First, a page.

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By David Templeton | April 14, 2002

Sally Walton is a big fan of dreams.
Not the kind of dreams we all have at night, tucked away in our beds while our eyes do that weird, rapid-movement thing beneath our deeply-sleeping lids. Walton — an internationally popular lecturer and author, also a sought-after “Life Coach” — is an aficionado of those other dreams, the kind that occur while we’re awake, the ones we hold in our guts and carry in our hearts and think about all the time — but frequently lose hold of when our lives take turns in other directions.
Such stuff is at the heart of the inspirational new Disney film The Rookie, and that pretty much sums up why Walton loved it. The film stars Dennis Quaid as Jim Morris, a real-life, 35-year-old science teacher who gave up his dream of pitching Major League baseball after hurting his arm in the minors. After impulsively making a deal with the high school baseball team he coached-he agreed to try out for a major ball club if they won the Championship — Morris’ dreams were improbably resurrected, and he ended up pitching for the Tampa Bay Devil Rays, becoming the oldest Major League rookie in over 30 years.
“I don’t usually go to baseball movies,” admits Walton over dinner, shortly after catching an afternoon matinee of The Rookie. “But I am glad I saw it. It’s a remarkably moving film.” Walton ( lives in Northern California, has been known to race sled dogs across Minnesota in her spare time, and is the author of several books including I Almost Slept Through My Dream Come True: Strategies of Staying Awake (Book Partners, 1997) and the brand-new Steps on the Way. As a professional life coach — think of a personal trainer who helps buff up your soul — Walton counsels clients who, like Morris, need the shock of a well-aimed cattle prod in order to get out and reclaim some of those faltering hopes and dreams.
“Dreams come true little bit by little bit,” says Walton. “Sometimes it happens by accident. Jim Morris had given up on his dream until — by accident — these kids woke him up, and he found himself pursuing those dreams again.” While plenty of us abandon some dream or other, Walton observes that what makes Jim Morris unique is what he did after his big league dreams were all snuffed out.
Says Walton, “He didn’t just give up and say, ‘Okay. I’m done. Now I’m going to have kids, and teach science, and coach the school baseball team. Yes, he did all those things, but he also went out there, however many nights a week, and he pitched balls at that chain-link fence. He kept at it, even when on the surface-to anyone you might have asked, including him-it wasn’t going to go anywhere. It wasn’t like he was going to get something out of it. He wasn’t practicing to get into the majors, or even to get back into the minors. He was pitching because he loved to pitch.”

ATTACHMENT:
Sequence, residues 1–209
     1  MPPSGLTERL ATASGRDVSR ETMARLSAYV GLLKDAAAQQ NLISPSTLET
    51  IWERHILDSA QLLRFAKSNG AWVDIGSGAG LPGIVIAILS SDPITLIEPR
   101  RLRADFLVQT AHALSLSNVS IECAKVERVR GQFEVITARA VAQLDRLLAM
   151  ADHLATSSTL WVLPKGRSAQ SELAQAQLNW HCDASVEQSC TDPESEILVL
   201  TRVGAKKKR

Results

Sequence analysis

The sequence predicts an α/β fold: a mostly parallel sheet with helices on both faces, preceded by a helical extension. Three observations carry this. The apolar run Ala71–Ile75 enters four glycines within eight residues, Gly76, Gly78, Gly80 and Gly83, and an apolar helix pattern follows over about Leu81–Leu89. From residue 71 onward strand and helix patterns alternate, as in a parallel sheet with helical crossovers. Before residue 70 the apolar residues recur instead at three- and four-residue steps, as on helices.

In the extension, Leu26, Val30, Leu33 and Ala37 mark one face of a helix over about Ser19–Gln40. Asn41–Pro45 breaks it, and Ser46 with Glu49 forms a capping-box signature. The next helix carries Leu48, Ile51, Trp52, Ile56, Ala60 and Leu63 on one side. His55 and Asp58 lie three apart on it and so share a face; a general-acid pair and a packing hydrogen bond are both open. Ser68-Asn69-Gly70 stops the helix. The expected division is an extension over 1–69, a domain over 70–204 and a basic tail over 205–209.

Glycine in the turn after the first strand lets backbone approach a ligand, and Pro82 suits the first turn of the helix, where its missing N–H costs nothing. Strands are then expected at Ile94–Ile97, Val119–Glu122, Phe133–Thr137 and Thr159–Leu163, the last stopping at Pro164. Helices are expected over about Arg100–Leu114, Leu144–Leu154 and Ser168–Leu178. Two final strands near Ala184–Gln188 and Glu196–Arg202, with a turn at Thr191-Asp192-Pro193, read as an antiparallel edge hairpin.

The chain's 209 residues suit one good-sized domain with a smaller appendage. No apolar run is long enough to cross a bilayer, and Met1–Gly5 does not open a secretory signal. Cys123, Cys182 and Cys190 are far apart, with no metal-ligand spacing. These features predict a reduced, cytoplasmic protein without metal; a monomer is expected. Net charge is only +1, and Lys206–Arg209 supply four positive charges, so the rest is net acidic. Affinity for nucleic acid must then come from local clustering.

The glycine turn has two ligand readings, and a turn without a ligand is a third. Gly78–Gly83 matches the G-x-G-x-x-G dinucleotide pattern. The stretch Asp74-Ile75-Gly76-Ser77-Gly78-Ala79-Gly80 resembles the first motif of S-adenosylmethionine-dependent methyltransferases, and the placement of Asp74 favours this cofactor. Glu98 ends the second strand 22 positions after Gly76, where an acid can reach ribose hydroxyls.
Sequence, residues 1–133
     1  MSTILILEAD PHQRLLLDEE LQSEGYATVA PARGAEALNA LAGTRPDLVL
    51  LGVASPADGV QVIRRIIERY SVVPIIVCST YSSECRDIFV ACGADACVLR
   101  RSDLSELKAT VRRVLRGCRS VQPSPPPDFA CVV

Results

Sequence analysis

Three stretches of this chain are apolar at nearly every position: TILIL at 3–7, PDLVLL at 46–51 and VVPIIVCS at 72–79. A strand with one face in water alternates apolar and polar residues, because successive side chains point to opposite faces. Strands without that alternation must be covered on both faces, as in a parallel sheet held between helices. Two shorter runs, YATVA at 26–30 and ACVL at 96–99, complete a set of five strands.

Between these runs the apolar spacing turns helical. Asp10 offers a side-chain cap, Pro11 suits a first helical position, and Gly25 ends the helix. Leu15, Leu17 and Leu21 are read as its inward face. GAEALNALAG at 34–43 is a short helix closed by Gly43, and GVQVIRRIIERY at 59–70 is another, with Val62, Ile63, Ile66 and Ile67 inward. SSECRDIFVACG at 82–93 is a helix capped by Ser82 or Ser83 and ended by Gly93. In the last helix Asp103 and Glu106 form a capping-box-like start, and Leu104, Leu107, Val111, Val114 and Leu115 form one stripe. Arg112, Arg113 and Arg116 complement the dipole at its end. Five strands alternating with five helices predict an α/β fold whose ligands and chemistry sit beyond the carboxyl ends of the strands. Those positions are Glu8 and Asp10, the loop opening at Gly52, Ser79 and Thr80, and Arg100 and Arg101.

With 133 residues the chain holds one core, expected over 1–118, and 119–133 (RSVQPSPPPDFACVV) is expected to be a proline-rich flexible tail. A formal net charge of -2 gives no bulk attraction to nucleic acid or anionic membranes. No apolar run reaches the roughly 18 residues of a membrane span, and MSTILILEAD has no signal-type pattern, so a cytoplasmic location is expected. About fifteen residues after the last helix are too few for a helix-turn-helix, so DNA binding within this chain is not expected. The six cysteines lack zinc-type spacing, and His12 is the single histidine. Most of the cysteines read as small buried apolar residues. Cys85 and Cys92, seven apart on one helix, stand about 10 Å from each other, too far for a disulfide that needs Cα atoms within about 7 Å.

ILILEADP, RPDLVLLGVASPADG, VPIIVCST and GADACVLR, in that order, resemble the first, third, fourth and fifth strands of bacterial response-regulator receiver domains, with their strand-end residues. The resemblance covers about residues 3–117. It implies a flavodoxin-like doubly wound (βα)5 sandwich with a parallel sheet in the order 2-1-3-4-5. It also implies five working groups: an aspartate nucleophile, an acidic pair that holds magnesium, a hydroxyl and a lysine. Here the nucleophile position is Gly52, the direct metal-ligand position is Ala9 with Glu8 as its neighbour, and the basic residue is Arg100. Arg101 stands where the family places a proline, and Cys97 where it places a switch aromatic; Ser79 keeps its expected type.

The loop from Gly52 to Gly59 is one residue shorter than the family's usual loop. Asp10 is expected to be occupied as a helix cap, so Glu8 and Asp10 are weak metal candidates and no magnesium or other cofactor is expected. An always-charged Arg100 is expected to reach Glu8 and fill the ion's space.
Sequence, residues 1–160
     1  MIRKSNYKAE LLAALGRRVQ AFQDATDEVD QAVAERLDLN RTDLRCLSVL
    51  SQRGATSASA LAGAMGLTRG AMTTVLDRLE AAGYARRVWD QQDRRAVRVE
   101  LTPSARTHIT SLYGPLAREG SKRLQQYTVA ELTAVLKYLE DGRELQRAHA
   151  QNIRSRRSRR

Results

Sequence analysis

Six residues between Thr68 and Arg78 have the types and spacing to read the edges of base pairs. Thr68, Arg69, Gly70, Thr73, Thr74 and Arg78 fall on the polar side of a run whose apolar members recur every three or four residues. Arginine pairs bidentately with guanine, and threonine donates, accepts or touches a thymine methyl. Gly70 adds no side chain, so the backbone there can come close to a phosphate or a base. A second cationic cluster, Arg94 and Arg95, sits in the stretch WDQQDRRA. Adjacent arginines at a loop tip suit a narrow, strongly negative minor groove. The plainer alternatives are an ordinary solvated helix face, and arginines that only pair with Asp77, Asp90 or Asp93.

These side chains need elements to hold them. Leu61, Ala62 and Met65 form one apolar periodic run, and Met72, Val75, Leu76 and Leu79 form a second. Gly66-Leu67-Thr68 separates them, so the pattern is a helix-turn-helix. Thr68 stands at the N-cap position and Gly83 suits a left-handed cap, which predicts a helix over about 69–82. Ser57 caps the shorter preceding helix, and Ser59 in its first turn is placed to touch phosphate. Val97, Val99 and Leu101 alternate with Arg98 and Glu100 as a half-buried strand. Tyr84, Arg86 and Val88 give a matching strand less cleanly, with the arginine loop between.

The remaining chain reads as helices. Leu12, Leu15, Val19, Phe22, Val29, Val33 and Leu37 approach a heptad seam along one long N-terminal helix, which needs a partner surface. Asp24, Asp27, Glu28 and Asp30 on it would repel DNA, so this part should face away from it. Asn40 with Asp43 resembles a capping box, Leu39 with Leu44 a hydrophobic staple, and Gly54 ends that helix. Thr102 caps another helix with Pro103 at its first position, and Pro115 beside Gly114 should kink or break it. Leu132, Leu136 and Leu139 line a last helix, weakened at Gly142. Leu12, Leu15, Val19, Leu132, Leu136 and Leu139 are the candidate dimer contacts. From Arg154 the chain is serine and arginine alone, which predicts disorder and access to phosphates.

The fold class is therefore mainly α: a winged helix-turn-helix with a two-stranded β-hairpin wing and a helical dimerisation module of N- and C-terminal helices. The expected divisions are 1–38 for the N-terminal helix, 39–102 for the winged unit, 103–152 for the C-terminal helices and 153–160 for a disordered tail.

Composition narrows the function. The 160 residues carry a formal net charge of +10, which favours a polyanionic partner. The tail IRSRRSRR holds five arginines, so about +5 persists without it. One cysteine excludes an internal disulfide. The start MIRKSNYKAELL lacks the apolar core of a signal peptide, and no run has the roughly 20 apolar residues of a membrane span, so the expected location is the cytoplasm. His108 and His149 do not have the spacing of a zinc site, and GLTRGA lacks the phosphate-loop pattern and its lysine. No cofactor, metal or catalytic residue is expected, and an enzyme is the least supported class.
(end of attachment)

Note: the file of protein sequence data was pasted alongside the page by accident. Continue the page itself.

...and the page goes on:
“So because of that,” I cut in, “when his opportunity did come along, he was ready for it.”
“Exactly. That’s how dreams happen,” Walton says, her face evolving into a rather radiant beam. “Suddenly, one day, your team says, ‘Hey, if we win, will you try out?’ and you’re already there, because you’ve been pitching against a fence every night for no reason. You’ve been working toward it all your life. Now the environment that you’ve created is setting you up to succeed.
“So, what about you?” Walton suddenly asks, stabbing at her salad as she looks me square in the eye. “What are the dreams that you haven’t allowed yourself to pursue?”
Ouch. So this is what a life coach does. After a few moments during which I list such ancient fantasies as watching a movie with the Dalai Lama and one-day directing edgy independent movies about life and death and coffin salesmen — a confession she actually remembers, calling me two days later to mention an upcoming workshop for independent filmmakers — I ask what parts of The Rookie best illustrate the importance of keeping our dreams alive.
“Well, for me,” Walton says, “the most telling moment was right after Morris and his wife (Rachel Griffiths) had argued about whether — after he’d gone and taken a chance, and been offered a job in the minors — he should quit his job, and go play baseball, for almost no money — and she’d said, ‘You shouldn’t go. We’ve got kids, we’ve got bills to pay.’ She goes to tuck the kids in, and when she comes back out on the porch he says, ‘You’re right. I’m not going to go.’ The grim, miserable expression on his face as he says that is so telling. It was an okay decision to give up the dream. He was giving it up for his kids, for his family. He had all the right motivations. But it was obvious that he would always be miserable, just like he’d obviously been miserable for at least twenty years.”
“So when she says, ‘I’ve changed my mind. You need to go,’ and he begins to shift over, and finally says, ‘Okay. I’ll go do this,’ you can see the change on his face. His face comes alive for the first time in the movie.
“So many people say, ‘Oh, it’s too late for me,'” Walton continues. “And, yes, maybe some things are too late-and then the question is, ‘So what’s your next dream?’ — but sometimes people just make excuses for themselves when they say that it’s too late. This movie — based on a true story — should give hope to anyone who thinks it’s too late for their dreams. I hope when people walk out of this movie they say, ‘That guy did it. So maybe it’s not too late for me.”
Writer David Templeton takes interesting people to the movies in his ongoing quest for the ultimate post-film conversation. This is not a review; rather, it’s a freewheeling, tangential discussion of art, alternative ideas, and popular culture.
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